The Māori Party is really pleased with the progress being promoted internationally. We see that as being very much of the same line of thinking that we have been progressing through the genuine progress indicator. Our interest in the genuine progress indicator came about in recognising that the GDP indicator was never designed to and cannot adequately reflect the happiness and well-being of people in a country. In short, it brings about an approach in which unsustainable patterns of production and consumption work against sustainable development.
I will demonstrate how we have tried to promote new ways of thinking in some of the portfolios in which Māori Party Ministers have provided leadership. In the focus on Māori economic development, we expressed our support for economic systems to be aligned with, or driven by, social and cultural systems. The Minister of Māori Affairs has pioneered key initiatives in Māori tourism, Māori productivity and export growth, Māori innovation, and Māori skills acquisition, including cadetships and the relationship with InfraTrain. His strategy has promoted the use of whanaungatanga as a Māori-led approach to international trade, commercial relationships with Māori living overseas, and Māori enterprise initiatives in the domestic economy. We have seen evidence of this strategy in both the Māori Economic Taskforce, from the Māori economic summit, and the delegation to China. What we are doing is building on both the cultural strength and entrepreneurial acumen of Māori to also lead to social and economic outcomes.
Another aspect of a kaupapa-driven approach to economic development comes through the development of a language strategy. In the Māori Affairs Committee report there was coverage of the revitalisation of te reo Māori. I noted with disappointment the comments around the inability of institutions to deliver the desired increase in the number of speakers and the depth of te reo comprehension. When we look at balancing the accounts, we see that although we know that te reo rangatira can contribute to wealth generation both nationally and internationally, the value of the language asset is not being realised if we have poor institutional commitment.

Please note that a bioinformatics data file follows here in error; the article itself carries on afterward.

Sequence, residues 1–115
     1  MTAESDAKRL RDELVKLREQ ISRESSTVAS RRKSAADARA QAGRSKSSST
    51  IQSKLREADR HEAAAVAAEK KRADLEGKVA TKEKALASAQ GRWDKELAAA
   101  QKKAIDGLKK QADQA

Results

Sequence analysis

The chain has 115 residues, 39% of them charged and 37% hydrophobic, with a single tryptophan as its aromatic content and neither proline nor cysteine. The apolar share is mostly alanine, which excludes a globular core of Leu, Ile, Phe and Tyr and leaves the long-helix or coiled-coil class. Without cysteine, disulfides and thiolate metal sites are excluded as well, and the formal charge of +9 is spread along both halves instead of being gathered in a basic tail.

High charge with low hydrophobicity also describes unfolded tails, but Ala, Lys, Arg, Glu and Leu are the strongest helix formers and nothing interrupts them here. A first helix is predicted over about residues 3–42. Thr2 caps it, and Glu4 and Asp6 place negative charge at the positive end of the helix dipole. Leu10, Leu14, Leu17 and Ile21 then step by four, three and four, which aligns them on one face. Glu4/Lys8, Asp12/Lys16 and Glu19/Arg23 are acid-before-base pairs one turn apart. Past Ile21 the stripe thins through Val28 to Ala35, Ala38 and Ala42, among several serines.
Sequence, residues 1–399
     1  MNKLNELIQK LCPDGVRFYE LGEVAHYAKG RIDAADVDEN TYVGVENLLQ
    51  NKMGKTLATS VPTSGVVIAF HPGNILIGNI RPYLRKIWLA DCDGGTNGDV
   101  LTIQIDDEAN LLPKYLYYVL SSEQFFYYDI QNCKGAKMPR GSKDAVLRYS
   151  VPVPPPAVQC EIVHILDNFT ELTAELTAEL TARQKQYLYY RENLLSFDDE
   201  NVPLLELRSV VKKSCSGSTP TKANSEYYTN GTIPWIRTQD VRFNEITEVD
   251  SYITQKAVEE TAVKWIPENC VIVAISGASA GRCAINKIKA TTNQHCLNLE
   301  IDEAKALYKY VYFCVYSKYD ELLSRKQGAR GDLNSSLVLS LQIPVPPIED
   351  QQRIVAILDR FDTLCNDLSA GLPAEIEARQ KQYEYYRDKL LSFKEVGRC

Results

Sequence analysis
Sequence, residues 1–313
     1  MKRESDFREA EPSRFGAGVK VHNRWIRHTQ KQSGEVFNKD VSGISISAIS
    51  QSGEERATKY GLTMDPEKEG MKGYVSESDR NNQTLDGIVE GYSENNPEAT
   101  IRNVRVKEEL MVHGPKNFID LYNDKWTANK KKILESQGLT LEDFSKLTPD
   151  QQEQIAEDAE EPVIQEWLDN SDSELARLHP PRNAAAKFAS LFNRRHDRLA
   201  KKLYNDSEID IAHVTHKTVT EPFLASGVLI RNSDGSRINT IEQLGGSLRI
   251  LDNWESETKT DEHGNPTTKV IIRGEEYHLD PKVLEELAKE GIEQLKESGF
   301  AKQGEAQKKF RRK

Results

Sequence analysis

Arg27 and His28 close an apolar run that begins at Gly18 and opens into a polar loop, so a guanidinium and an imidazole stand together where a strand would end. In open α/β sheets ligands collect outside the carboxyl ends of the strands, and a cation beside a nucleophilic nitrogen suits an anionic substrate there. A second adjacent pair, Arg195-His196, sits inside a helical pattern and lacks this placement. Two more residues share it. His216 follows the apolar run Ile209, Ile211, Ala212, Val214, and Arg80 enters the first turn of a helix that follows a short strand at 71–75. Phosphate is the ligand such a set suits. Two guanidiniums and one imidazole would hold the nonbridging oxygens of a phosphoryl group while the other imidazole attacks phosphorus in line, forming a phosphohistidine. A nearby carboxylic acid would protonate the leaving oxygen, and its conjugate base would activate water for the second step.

This is a complex and fascinating process, which will bring New Zealanders into close relationship with our very foundations as a nation. As a proud uri of Ngāi Tahu, I have to say how delighted I am that we have a distinguished statesman in Tā Tīpene O’Regan leading the way, along with the very impressive membership, including Emeritus Professor Ranginui Walker, Professor Linda Smith, Dr Leonie Pīhama, and Hinurewa Poutu.
The second major platform of our policy transformation is Whānau Ora. The 2011-12 Budget invested another $30 million in Whānau Ora, which was a key source of interest at the select committee—and rightly so. Whānau Ora is an incredible initiative, which I think has received universal support around the House, and indeed around the country. It absolutely reflects the efforts we have made to model a new approach for a kaupapa-driven economy. Whānau Ora seeks to reflect the aspirations of whānau and support them in self-managing and taking responsibility for their own social, cultural, and economic development.
I have been meeting with whānau around the country who have been involved in Whānau Ora already, and even though they have not yet managed to access any of the funding from Whānau Ora those who are readying themselves for that transformation have made a transformation in themselves. They have realised that Whānau Ora means that they can make a difference in their own lives.
I have to say that as the Māori Party moves on and starts to make sure that our policy is included within that of the bigger parties, we are making a difference. We are making a difference and we are proud of making that difference. The Māori Party is pleased to support this Budget. We will be even more pleased when this Budget reflects the economic reality of what we need to be doing in New Zealand: a kaupapa-driven economy. Kia ora.
DAVID BENNETT (National—Hamilton East) : It gives me great pleasure to follow on from the last two speakers, Chris Tremain and Rahui Katene. I thought both of them indicated two fundamental points of view that I think the New Zealand public and the world are waking up to at the moment. This imprest supply debate is crucial for that, because it reflects the vision of this Government and how we deal with our economy and build a stronger future for New Zealand.
The two things I thought were important were, first, a thing that Chris Tremain talked about, which was the need to get our economic fundamentals right. The days of living—